On July 27, 2016, our computer systems were attacked by a malware ransom virus called “CryptoWall.”  The malware was detected by our virus protection software but unfortunately not until after our electronic patient records were encrypted.  The virus encrypted, thereby rendering unusable, all of our electronic medical record files that contained all of the clinical information on our patients such as procedures, office notes, reports, etc.
   The virus likely utilized a list of stolen passwords and ran an automated program that attempted access until a correct match was found.
Read the full letter here.  Their press release, posted to their site, provides a lot less detail and doesn’t mention paying ransom, but it does add one detail: they regained access to their files on August 1.  They do not mention how much the ransom was.

Sometimes all you need to detect hackers or malware is an indication that something is “different.”
Meet Apache Spot, a new open source project for cybersecurity
Hard on the heels of the discovery of the largest known data breach in history, Cloudera and Intel on Wednesday announced that they've donated a new open source project to the Apache Software Foundation with a focus on using big data analytics and machine learning for cybersecurity.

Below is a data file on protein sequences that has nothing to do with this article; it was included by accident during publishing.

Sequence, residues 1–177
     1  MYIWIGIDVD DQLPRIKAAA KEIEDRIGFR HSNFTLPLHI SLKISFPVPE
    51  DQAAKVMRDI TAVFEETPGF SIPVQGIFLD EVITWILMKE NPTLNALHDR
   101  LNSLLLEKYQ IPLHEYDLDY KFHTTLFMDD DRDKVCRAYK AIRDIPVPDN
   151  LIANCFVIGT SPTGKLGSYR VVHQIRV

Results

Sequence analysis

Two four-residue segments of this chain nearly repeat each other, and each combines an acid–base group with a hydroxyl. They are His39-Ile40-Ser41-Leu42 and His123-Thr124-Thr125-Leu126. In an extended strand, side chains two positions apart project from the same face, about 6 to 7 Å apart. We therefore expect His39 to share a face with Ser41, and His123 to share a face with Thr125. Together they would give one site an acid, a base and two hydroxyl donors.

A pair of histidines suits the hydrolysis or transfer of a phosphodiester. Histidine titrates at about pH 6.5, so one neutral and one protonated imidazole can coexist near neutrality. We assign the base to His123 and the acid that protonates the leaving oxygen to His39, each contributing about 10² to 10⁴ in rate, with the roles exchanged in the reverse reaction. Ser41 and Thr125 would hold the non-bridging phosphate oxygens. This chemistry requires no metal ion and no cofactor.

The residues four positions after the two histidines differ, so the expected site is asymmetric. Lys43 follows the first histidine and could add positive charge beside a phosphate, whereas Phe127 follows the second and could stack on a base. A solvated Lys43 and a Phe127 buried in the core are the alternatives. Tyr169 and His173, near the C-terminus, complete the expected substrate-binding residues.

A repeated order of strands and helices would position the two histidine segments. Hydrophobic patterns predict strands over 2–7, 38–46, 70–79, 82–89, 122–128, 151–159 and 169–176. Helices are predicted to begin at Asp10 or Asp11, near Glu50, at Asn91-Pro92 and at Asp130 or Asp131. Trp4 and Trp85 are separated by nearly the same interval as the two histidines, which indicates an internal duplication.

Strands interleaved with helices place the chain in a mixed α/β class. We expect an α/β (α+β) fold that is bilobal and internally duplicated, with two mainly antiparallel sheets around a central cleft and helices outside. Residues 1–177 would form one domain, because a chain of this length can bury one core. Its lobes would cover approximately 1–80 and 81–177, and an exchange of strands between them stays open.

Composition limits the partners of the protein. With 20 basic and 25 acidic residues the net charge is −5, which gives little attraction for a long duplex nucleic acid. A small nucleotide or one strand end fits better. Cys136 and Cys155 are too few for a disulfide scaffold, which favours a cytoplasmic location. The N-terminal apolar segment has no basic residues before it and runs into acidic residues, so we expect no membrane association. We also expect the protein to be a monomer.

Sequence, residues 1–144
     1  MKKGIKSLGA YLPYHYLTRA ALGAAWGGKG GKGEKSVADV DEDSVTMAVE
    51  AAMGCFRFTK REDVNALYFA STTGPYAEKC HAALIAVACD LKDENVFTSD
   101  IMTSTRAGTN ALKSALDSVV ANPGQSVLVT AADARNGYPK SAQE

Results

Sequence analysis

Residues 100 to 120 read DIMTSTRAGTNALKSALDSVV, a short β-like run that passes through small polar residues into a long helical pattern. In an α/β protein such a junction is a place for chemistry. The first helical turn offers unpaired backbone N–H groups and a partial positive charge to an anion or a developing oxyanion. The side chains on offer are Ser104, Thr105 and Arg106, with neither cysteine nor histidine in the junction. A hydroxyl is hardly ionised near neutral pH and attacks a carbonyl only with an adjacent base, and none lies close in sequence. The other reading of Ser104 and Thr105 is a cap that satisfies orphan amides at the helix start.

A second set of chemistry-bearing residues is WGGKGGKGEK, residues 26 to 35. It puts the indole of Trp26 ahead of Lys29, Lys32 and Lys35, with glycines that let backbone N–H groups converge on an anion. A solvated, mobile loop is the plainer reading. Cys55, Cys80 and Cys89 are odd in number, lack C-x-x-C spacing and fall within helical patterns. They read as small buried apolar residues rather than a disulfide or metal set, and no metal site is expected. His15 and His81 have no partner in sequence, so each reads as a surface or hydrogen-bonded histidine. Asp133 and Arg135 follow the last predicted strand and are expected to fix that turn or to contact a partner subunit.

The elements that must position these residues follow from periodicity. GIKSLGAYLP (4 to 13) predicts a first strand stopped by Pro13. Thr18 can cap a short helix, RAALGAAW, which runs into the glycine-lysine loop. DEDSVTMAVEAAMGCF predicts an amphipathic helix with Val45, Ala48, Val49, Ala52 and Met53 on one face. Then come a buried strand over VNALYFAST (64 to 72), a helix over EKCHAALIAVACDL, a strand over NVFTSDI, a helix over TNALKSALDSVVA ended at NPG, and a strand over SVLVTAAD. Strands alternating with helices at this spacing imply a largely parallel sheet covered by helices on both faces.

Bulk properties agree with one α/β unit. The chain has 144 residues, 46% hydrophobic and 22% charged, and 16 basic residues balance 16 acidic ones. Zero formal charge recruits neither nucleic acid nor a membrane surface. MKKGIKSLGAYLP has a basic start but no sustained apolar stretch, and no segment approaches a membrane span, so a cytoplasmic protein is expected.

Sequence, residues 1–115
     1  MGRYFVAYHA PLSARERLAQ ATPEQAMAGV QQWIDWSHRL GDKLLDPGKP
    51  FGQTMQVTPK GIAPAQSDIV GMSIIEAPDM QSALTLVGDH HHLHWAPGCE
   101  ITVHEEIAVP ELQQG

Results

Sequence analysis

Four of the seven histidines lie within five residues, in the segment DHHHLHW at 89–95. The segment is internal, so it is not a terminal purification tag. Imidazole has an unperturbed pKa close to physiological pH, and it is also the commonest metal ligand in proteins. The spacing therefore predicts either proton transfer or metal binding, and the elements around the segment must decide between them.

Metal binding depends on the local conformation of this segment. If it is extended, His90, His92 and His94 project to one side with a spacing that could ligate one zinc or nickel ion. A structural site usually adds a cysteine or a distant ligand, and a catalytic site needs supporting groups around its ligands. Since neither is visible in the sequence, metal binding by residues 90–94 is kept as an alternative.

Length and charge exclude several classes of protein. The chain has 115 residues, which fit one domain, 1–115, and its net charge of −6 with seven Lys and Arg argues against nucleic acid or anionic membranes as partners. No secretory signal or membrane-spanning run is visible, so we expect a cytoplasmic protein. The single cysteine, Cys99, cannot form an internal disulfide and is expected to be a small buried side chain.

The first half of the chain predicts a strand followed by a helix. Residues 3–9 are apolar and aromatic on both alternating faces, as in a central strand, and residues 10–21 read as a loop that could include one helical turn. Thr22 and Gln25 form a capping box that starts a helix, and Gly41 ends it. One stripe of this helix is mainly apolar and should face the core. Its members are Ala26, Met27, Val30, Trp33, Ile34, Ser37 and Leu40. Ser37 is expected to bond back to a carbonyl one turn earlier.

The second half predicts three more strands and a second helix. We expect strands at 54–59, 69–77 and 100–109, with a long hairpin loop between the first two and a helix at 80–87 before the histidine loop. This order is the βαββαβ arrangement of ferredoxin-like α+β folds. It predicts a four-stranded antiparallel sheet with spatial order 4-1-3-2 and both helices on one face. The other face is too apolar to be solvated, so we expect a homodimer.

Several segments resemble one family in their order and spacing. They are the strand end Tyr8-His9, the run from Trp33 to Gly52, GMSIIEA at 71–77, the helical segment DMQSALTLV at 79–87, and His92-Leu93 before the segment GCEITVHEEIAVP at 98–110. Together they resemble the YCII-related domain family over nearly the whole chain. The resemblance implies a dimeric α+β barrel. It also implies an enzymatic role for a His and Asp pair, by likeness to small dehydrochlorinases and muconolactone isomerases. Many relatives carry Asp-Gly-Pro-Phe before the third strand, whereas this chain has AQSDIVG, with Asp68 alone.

Based on Cloudera's big data platform, Spot taps Apache Hadoop for infinite log management and data storage scale along with Apache Spark for machine learning and near real-time anomaly detection.  The software can analyze billions of events in order to detect unknown and insider threats and provide new network visibility.

Essentially, it uses machine learning as a filter to separate bad traffic from benign and to characterize network traffic behavior.  It also uses a process including context enrichment, noise filtering, whitelisting and heuristics to produce a shortlist of most likely security threats.

The insurance industry apparently likes those little “driving habit” recorders they hope you will install in your car, but this goes much farther.
Joe Cadillic sends along this item from
Speed cameras are banned in Virginia, but that did not stop the insurance industry from deploying them on state highways.  As part of an effort to promote the issuance of speeding tickets, the Insurance Institute for Highway Safety (IIHS) and the for-profit contractor Brekford set up ten radar units that they used to photograph the faces of motorists and identify them through Department of Motor Vehicles (DMV) records.  The group used the data collected to call for lowering of speed limits.